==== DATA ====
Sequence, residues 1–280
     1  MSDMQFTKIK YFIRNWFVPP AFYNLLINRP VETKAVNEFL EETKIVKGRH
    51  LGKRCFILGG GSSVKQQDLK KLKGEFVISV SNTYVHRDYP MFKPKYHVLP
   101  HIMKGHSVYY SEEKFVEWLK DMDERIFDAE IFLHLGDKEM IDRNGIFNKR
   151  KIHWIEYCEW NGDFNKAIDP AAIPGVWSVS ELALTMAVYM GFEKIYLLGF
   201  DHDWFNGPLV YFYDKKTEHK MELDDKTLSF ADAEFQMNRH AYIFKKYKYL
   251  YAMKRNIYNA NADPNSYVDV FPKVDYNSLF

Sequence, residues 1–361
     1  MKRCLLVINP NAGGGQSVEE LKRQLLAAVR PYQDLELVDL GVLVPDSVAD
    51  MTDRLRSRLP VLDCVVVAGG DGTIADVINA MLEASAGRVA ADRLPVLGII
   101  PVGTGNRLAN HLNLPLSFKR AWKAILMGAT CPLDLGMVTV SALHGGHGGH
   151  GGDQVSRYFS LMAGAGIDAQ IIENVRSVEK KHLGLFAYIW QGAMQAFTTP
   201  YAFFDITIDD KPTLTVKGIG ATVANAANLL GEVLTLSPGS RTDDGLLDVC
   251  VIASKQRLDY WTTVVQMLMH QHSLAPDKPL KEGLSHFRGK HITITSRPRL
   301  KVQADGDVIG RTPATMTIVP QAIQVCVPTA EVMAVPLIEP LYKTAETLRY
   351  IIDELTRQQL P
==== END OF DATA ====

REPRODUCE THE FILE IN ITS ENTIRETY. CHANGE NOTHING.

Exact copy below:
Sequence, residues 1–280
     1  MSDMQFTKIK YFIRNWFVPP AFYNLLINRP VETKAVNEFL EETKIVKGRH
    51  LGKRCFILGG GSSVKQQDLK KLKGEFVISV SNTYVHRDYP MFKPKYHVLP
   101  HIMKGHSVYY SEEKFVEWLK DMDERIFDAE IFLHLGDKEM IDRNGIFNKR
   151  KIHWIEYCEW NGDFNKAIDP AAIPGVWSVS ELALTMAVYM GFEKIYLLGF
   201  DHDWFNGPLV YFYDKKTEHK MELDDKTLSF ADAEFQMNRH AYIFKKYKYL
   251  YAMKRNIYNA NADPNSYVDV FPKVDYNSLF

Sequence, residues 1–361
     1  MKRCLLVINP NAGGGQSVEE LKRQLLAAVR PYQDLELVDL GVLVPDSVAD
    51  MTDRLRSRLP VLDCVVVAGG DGTIADVINA MLEASAGRVA ADRLPVLGII
   101  PVGTGNRLAN HLNLPLSFKR AWKAILMGAT CPLDLGMVTV SALHGGHGGH
   151  GGDQVSRYFS LMAGAGIDAQ IIENVRSVEK KHLGLFAYIW QGAMQAFTTP
   201  YAFFDITIDD KPTLTVKGIG ATVANAANLL GEVLTLSPGS RTDDGLLDVC
   251  VIASKQRLDY WTTVVQMLMH QHSLAPDKPL KEGLSHFRGK HITITSRPRL
   301  KVQADGDVIG RTPATMTIVP QAIQVCVPTA EVMAVPLIEP LYKTAETLRY
   351  IIDELTRQQL P